Poetry Issue 15

   Issue #17 : July-December 2012

John Labella

Ode for Crazy Tim

      Thunder is not a god heard
      in place of our need to burden clouds
      with speech.

      The road opens where we are, we have
      to open it. Off we go past cows
      to seek company in an old sports bar.

      The crazy Cajun comes up on screen;
      extra poundage
      makes him look believable now,

      more like us than thunder when he says,
      “Every fight is a story
      that has yet to be played out.”

      It’s hard to hear him; a guy complains
      his neighbor’s kids are
      “stealing the doggone fruit again.”

      We don’t like to be reminded here
      is also what’s out there.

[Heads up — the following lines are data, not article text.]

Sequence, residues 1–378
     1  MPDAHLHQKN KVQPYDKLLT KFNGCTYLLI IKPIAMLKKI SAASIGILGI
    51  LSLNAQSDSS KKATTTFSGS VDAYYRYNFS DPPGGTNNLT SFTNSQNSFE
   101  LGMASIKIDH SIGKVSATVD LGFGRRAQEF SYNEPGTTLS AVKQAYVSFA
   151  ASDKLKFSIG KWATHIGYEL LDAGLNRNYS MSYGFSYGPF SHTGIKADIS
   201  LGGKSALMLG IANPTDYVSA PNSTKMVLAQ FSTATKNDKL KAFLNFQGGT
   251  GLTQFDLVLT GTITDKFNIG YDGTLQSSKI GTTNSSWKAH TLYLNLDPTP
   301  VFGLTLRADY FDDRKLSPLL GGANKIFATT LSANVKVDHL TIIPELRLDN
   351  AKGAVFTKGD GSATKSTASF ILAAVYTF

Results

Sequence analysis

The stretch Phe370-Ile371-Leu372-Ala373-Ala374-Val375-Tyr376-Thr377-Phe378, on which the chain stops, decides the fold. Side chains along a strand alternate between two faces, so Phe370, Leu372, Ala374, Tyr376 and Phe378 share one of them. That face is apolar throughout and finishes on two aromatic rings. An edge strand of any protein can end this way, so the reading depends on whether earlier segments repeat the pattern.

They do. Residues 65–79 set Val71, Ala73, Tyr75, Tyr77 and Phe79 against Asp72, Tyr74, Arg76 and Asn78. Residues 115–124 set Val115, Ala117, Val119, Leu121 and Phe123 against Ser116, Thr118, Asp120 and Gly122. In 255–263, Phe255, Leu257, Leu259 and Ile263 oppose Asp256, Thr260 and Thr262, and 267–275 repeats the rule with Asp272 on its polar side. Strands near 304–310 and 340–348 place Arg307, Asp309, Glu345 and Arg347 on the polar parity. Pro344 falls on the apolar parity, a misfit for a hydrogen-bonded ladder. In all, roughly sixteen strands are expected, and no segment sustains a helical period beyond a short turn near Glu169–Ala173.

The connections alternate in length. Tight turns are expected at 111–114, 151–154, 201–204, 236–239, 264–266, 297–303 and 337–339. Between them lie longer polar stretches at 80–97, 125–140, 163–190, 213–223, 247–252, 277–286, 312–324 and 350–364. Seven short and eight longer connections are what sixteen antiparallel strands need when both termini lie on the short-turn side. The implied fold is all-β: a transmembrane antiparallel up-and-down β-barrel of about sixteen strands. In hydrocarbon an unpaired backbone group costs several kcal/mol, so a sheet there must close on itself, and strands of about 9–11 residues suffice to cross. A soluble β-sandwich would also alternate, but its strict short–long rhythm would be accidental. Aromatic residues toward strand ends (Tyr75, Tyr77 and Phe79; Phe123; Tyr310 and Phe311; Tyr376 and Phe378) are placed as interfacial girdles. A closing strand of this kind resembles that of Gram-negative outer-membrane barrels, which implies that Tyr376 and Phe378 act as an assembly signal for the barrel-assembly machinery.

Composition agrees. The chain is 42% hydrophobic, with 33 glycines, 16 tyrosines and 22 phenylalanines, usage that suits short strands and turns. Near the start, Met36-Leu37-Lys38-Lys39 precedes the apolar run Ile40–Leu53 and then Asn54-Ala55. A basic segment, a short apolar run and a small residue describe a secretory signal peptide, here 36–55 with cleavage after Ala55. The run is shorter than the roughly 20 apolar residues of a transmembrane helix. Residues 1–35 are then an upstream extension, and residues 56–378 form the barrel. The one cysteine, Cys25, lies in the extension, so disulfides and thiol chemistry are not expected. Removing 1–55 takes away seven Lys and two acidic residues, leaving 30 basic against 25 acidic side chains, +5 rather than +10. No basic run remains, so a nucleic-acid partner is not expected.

The herders drift, the drifters swarm.
      Out there climate’s a thing
      that just happens to mess with the yield;

      out there flailing bees
      do not know what a wasp knows.

      “I cannot train myself alone,” says Tim,
      “the bag does not hit back.”

      We can’t think of clouds, gods who
      grumble when our burdens
      lift our voices higher than they carry.

      In praise of need we hear the children
      (as though our own)
      call their names out into the field.